At the mercy of the "sentiment of the market"

Fernando J. Cardim de Carvalho
Instituto Brasileiro de Análises Sociais e Econômicas (IBASE)

Almost three years after the country changed its exchange rate regime, from semi-fixed to floating exchange rates, the economy is still exhibiting mediocre growth rates, high unemployment, and perverse income distribution profiles. In fact, if the exchange rate regime adopted in early 1999 did allow Brazil to deal with external shocks in a much better way than, for instance, Argentina, it has not been enough to reduce the external vulnerability of the Brazilian economy. As a result, the Brazilian economy has been crawling along giving little room for adopting more effective policies to combat social exclusion and poverty.

Brazil’s current state of external vulnerability has many roots: the indiscriminate trade opening policies first implemented at the late 1980s; the financial liberalization and capital account opening policies adopted during the 1990s; and the overvaluation of the domestic currency with respect to the US dollar, as an element of the stabilization plan of 1994. The stabilization strategy relied heavily on the availability of imports made cheap by exchange rate overvaluation. Sustaining such a strategy, however, required maintaining high interest rates to attract capital inflows (enough to pay for the trade deficit) and, thus, rising external debt[2]. To grow, the Brazilian economy needs rising imports and, to pay for the imports, rising capital inflows. Heavily dependent on capital inflows and having lost most of its capital control instruments, the Brazilian economy is constrained in its growth perspectives by the “sentiment of the market”, as unforgettably put by former IMF Managing Director Michel Camdessus. In fact, if financial investors are happy with their perceived opportunities in Brazil, they will supply the means necessary to cover trade deficits. If not, growth is stalled by rising interest rates and fiscal austerity, the government is forced to adopt to attract investors back to the country. Inflation has been beaten by the stabilization plan, but sustainable output and employment growth has become a chimera. Instead, the Brazilian economy lives through periods of stop-and-go, with stops lasting longer than go-times, depending on how international investors react to worldwide as well as domestic turbulences.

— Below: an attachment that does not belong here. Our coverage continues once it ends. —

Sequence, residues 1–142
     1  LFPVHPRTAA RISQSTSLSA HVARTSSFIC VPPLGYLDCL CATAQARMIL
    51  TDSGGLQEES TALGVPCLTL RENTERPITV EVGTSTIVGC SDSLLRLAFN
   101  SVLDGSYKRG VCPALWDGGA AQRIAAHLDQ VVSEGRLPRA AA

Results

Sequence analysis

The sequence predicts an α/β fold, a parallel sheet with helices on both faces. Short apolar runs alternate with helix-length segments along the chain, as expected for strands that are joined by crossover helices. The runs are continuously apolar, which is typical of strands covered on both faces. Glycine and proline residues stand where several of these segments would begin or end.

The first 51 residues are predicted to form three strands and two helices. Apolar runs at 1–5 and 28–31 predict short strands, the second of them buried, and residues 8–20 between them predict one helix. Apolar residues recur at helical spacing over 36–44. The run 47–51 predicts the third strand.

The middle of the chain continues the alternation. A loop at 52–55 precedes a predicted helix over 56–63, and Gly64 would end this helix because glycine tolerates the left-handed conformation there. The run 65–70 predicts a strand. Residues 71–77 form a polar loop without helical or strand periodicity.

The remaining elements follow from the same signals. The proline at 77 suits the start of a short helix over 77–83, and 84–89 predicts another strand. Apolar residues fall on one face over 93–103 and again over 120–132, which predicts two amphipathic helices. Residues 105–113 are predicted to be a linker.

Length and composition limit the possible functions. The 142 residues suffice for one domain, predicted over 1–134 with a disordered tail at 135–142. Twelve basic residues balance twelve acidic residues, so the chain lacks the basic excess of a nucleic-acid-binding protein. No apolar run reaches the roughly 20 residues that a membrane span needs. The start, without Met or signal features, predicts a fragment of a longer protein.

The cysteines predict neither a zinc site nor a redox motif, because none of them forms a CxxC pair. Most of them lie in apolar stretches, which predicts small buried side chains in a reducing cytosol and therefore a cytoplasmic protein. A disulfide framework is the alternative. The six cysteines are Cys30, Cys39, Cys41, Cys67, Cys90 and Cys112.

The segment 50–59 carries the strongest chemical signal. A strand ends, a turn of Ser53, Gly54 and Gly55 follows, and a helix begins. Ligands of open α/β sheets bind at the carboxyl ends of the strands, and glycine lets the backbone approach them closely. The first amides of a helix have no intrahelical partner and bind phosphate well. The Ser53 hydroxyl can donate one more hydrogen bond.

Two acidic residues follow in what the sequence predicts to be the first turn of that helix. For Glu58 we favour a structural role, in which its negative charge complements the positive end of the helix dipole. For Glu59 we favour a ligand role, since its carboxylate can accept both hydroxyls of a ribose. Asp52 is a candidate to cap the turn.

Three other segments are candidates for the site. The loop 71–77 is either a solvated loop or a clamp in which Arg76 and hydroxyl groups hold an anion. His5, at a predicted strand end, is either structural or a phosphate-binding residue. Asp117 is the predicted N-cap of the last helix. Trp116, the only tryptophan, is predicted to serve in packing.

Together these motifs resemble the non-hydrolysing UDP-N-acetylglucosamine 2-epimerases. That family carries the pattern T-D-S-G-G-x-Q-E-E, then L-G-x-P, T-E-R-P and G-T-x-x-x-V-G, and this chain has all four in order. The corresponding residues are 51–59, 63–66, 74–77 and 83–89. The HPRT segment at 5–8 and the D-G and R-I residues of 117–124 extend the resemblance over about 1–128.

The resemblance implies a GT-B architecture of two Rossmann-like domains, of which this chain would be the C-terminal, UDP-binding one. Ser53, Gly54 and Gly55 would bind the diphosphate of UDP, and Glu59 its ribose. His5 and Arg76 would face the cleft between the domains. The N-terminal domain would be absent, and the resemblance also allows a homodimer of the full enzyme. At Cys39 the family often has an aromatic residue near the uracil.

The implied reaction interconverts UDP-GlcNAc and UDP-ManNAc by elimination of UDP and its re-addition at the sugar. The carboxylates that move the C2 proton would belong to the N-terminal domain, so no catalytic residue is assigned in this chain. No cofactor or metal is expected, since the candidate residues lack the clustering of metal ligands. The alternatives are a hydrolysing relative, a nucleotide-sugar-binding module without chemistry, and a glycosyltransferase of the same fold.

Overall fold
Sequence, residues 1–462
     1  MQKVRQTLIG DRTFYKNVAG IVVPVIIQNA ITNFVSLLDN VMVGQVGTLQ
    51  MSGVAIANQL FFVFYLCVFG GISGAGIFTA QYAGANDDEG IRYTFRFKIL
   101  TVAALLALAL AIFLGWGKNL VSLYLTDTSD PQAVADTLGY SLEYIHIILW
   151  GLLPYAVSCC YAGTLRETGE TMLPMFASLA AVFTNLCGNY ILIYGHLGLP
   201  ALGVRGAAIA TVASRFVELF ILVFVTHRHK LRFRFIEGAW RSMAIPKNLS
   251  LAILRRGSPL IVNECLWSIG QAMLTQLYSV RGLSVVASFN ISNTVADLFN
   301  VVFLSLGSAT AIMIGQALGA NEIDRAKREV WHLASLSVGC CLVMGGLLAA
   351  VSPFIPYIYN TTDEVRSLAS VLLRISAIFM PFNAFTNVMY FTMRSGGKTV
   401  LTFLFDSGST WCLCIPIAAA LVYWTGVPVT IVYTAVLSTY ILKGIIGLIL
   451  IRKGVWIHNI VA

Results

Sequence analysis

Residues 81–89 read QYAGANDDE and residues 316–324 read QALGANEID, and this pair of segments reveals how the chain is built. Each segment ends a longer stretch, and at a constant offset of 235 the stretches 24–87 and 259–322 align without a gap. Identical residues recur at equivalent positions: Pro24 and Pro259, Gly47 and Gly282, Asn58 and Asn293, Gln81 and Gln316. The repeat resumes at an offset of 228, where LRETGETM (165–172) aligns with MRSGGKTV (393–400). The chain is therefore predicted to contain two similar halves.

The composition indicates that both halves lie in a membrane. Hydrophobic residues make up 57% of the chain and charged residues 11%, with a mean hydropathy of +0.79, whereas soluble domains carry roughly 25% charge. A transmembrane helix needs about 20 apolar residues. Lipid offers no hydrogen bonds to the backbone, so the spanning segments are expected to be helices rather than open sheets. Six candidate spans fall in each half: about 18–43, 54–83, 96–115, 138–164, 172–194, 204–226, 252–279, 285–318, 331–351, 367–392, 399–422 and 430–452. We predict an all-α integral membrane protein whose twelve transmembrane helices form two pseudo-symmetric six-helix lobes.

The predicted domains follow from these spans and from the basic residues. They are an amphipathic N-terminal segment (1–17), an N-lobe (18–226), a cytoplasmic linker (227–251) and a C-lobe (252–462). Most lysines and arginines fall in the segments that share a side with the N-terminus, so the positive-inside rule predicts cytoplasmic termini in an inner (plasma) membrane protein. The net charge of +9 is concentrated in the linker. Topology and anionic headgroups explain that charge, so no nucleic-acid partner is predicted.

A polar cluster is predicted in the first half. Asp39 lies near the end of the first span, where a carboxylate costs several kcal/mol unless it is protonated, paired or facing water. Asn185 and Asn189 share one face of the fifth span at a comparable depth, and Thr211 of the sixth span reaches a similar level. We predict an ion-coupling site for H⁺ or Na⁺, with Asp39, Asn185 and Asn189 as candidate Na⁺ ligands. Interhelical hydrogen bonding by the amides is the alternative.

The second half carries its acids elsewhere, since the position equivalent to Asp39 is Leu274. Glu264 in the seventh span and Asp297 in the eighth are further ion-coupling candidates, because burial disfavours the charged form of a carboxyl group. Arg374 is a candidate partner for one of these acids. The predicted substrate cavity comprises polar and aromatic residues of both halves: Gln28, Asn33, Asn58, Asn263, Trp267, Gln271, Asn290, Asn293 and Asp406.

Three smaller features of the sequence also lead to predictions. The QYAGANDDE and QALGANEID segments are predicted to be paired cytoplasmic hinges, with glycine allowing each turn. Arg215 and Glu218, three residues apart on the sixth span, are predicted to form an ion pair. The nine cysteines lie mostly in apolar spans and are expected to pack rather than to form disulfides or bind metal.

During the last months of 2000 and for the whole of 2001, financial investors actually had plenty of reasons to harbor bad feelings about the Brazilian economy. Even though the real has no longer been overvalued for quite some time, exports took much longer than expected to react and when the reaction timidly began, the US went into a recession, worsening trade expectations to everybody. In addition, the Argentine economy has been floundering since the end of 2000, with no end for the crisis in sight. Some degree of contagion to the Brazilian economy is, under these circumstances, inevitable. Domestic problems should also be added to this list. In the first semester of 2001, the federal government suddenly found out that the improvident energy policy it adopted for years, neglecting badly needed investment in new production capacity, was finally paying off in the form of energy rationing, that is still in force. On top of all that, political crises have been taking place almost without interruption since President Cardoso was inaugurated for the second term he coveted so much. This time, the crisis took place in the Senate, involving close associates of the President, and ended up in the dismissal of three senators, including the former and the then-current Presidents of the Federal Senate.

Consequences of the External Vulnerability

All this hit an economy in need to finance about 25 billion dollars of current account deficit, besides rolling over outstanding foreign debts. As a result, interest rates were kept at very high levels by the Central Bank (19% of annual overnight rates for an annual inflation rate of about 7%), which was reflected in average interest rates being charged for credit to the private sector of 55% in June 2001 (up from 51% in December 2000). At these rates, credit supply could only stagnate, bringing down the economy with it. According to IMF estimates (made public in December 2001), the economy should grow by only 1.8% in 2001 (a much lower rate than the one projected by the Brazilian government).

Under these circumstances, it should not be surprising that open unemployment remains very high (6.2% in August 2001, not counting disguised unemployment in the form of “informal” jobs like street-peddling).

Slow growth and open unemployment do not tell the whole story of what is going on in the labor market, though. Less than half of the Brazilian workforce actually have a formal labor contract, enjoying the benefits of legislation, collective bargaining, social security, etc. In fact, some kind of perverse mechanism has been in operation in which earnings for informal jobs have been growing at much higher rates than earnings for those with labor contracts. According to IBGE (Brazil’s Central Statistics Office), while earnings of employees with labor contracts was only 7% higher in July 2001 than the average of 1993, compensation for informal jobs had increased  33%. For the self-employed compensation had grown slightly more quickly and for employers it increased 41% in the same period.